However, Rauner and his colleagues had difficulty connecting with Black leaders. Some were wary of the COVID vaccine due to the history of medical racism in the U.S., Rauner said, and his organization’s numbers-driven message wasn’t convincing.
“As an analytical person, I just thought it was what you said. But no, it’s how you say it, and who says it,” Rauner said.
He reached out to Teresa “Buffy” Lewis-Hunt, a family nurse practitioner at a local health clinic, who became one of their first allies. She and Renée Massie, a retired health department employee and pastor, helped Partnership for a Healthy Lincoln make inroads with a group of Black clergy who agreed to appear on the campaign bus ads – a key way to appeal to hearts and minds, Rauner said.
“(The public is) not going to listen to clip-art people,” he said. “They’ll listen to Pastor Myles or Buffy.”
Massie, who now works part-time on Partnership for a Healthy Lincoln’s campaign, suggested its next phase: reaching folks in Lincoln’s Black barbershops. “A lot of conversations take place at the barbershops,” Massie said. “It’s the perfect place to have conversations about COVID and vaccinations.”
She visited 14 barbershops to speak with the owners, who said their clients were already talking about vaccines and COVID. With feedback from three shop owners – one of whom is Massie’s son – Partnership for a Healthy Lincoln created a brochure with answers to barbershop clients’ frequently asked questions, vaccination clinic addresses and photos of the barbers themselves. When customers picked up the brochures, “what drew them in were recognizable faces and the fact that they had already been asking these questions,” Massie said.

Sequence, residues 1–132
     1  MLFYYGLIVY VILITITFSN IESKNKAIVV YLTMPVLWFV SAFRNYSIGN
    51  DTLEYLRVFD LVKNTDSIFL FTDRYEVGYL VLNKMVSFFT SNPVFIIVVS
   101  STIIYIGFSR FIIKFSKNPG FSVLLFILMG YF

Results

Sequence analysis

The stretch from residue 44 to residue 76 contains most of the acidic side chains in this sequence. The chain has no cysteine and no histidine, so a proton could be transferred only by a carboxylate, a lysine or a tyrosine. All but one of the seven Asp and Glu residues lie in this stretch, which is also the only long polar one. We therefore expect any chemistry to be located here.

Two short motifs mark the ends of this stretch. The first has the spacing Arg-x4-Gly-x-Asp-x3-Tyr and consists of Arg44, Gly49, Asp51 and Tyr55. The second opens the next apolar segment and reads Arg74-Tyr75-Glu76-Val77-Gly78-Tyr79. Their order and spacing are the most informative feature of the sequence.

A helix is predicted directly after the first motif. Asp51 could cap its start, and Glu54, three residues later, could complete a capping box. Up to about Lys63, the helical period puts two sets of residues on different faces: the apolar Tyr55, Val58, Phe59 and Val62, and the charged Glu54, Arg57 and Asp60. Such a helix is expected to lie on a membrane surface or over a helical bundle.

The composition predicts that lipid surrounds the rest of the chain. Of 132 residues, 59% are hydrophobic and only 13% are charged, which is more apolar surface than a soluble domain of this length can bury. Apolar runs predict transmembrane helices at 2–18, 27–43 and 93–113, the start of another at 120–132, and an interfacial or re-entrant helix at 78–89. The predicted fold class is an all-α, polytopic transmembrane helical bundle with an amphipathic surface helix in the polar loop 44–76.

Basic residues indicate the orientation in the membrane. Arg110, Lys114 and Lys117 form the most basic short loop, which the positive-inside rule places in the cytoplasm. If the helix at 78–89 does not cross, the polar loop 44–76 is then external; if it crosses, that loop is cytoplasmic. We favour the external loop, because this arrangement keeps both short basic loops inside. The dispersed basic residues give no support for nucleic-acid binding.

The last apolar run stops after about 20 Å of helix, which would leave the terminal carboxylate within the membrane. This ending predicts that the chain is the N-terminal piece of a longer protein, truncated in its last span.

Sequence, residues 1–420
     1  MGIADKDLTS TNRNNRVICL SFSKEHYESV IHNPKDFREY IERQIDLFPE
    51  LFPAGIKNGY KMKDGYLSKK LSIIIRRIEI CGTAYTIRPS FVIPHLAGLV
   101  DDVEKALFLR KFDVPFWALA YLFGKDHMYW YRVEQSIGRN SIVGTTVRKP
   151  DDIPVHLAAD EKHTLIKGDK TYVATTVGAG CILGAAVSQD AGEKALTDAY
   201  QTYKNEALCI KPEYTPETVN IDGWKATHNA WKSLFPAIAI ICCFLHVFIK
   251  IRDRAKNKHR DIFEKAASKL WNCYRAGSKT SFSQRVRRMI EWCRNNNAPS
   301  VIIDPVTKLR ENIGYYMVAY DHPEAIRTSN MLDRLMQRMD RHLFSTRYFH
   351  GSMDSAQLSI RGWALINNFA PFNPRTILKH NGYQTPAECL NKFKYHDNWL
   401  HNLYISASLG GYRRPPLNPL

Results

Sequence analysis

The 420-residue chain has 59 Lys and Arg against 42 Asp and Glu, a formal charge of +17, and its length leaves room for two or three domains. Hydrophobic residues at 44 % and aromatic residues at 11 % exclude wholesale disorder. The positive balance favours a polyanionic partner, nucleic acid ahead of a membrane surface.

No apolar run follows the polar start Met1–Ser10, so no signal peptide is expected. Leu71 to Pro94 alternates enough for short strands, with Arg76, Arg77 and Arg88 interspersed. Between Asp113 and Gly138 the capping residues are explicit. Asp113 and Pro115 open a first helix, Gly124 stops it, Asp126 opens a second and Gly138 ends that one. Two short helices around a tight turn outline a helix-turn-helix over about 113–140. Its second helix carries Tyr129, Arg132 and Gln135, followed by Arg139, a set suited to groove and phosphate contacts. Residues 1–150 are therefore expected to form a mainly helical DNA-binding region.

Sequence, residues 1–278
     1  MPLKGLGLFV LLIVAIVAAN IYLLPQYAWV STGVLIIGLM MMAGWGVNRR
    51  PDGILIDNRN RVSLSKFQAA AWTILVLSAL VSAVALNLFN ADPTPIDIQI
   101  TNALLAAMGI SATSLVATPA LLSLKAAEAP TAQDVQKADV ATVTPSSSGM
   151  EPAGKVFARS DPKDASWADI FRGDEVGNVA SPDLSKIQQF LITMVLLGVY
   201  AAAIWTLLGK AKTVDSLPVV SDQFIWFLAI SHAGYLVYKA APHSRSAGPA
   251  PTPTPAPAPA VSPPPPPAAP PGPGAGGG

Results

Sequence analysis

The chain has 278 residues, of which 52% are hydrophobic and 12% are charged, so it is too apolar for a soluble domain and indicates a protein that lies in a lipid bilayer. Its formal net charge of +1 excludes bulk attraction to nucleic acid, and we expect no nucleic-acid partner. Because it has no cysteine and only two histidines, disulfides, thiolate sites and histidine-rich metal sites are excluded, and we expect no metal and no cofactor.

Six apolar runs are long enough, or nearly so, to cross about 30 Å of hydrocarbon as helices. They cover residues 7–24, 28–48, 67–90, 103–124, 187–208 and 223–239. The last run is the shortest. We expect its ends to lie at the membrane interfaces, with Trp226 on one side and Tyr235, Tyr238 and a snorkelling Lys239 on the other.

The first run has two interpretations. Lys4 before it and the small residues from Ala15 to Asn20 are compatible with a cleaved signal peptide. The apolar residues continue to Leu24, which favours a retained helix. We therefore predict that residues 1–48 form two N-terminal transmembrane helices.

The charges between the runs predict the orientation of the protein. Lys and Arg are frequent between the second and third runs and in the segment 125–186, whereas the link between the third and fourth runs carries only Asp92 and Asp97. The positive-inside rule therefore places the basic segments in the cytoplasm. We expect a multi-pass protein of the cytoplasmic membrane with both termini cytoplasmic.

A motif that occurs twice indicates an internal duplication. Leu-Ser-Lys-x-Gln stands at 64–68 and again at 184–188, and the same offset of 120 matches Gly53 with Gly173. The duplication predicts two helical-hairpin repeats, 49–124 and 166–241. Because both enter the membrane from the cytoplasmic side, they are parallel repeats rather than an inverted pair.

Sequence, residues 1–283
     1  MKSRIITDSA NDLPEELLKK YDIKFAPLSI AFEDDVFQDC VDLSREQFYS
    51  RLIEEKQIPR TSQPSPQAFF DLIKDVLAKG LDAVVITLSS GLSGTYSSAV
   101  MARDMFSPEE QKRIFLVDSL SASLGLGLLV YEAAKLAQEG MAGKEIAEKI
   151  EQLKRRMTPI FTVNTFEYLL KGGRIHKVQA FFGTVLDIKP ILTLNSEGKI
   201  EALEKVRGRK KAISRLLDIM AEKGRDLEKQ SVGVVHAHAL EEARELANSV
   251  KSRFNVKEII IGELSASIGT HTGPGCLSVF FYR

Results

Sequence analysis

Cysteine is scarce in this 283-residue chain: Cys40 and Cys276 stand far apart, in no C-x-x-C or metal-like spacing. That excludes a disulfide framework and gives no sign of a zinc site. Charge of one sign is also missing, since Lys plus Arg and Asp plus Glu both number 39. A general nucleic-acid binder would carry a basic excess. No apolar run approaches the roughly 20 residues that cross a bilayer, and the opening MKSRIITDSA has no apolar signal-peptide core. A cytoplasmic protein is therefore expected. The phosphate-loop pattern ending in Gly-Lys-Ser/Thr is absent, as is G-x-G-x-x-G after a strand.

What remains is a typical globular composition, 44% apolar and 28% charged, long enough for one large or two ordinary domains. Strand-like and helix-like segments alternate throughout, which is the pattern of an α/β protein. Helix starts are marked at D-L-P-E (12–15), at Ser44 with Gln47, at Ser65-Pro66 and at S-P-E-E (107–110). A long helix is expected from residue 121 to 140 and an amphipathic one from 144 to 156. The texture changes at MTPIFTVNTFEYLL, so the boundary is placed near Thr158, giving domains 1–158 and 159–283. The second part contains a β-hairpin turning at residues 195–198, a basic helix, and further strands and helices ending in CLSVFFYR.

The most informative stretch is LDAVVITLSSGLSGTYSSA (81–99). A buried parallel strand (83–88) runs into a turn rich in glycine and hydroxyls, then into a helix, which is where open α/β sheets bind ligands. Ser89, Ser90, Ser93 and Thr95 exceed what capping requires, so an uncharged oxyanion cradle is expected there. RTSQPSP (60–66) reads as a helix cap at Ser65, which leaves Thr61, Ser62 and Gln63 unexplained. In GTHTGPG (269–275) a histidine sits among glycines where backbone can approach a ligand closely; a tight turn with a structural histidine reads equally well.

The two-dose vaccination rate among Black residents rose to nearly 65% in July, up from about 51% in August 2021.
Earlier research has demonstrated the potential of using Black barbershops and churches to address health concerns. Rauner and Massie believe their approach can be adapted to other health issues, such as diabetes education and blood pressure screening to prevent heart disease and stroke. Black adults are disproportionately more likely to be diagnosed with Type 2 diabetes or to have high blood pressure.
“The lessons learned (from COVID) can apply to cardiovascular disease and cancer prevention,” Chan said. “For colorectal cancer screening, for example, one really important place to do outreach and education around screening is at churches. It can be a great place for people to talk about their experiences and for leaders in the community to make a powerful pitch.”
Massie concurs, saying that if people agree to get their COVID and flu vaccine – as doctors and public health officials are urging people to do ahead of winter – they’ll likely become more interested in their overall health. They’ll share that attitude with their cousins, aunts, uncles and friends and build a heathier community.
“When you start with trusted voices,” Massie said, “you can begin to change people’s minds.”
Editor’s note: Because of the rapidly evolving events surrounding the coronavirus, the facts and advice presented in this story may have changed since publication. Visit Heart.org for the latest coverage, and check with the Centers for Disease Control and Prevention and local health officials for the most recent guidance.